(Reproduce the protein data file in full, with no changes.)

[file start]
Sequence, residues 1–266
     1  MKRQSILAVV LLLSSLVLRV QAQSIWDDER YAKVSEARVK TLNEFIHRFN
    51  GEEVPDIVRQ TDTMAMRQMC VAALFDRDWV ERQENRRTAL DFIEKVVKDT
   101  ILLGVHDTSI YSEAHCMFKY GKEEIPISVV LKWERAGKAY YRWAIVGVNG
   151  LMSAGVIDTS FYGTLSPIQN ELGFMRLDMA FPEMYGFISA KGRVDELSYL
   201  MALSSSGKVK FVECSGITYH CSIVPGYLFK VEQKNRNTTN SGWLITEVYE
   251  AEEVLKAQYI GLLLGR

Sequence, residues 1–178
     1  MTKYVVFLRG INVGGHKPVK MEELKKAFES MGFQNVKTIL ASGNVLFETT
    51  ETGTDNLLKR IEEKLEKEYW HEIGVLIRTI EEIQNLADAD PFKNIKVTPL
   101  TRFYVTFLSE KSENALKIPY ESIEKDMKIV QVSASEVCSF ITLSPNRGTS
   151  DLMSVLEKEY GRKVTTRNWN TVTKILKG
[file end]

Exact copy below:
Sequence, residues 1–266
     1  MKRQSILAVV LLLSSLVLRV QAQSIWDDER YAKVSEARVK TLNEFIHRFN
    51  GEEVPDIVRQ TDTMAMRQMC VAALFDRDWV ERQENRRTAL DFIEKVVKDT
   101  ILLGVHDTSI YSEAHCMFKY GKEEIPISVV LKWERAGKAY YRWAIVGVNG
   151  LMSAGVIDTS FYGTLSPIQN ELGFMRLDMA FPEMYGFISA KGRVDELSYL
   201  MALSSSGKVK FVECSGITYH CSIVPGYLFK VEQKNRNTTN SGWLITEVYE
   251  AEEVLKAQYI GLLLGR

Sequence, residues 1–178
     1  MTKYVVFLRG INVGGHKPVK MEELKKAFES MGFQNVKTIL ASGNVLFETT
    51  ETGTDNLLKR IEEKLEKEYW HEIGVLIRTI EEIQNLADAD PFKNIKVTPL
   101  TRFYVTFLSE KSENALKIPY ESIEKDMKIV QVSASEVCSF ITLSPNRGTS
   151  DLMSVLEKEY GRKVTTRNWN TVTKILKG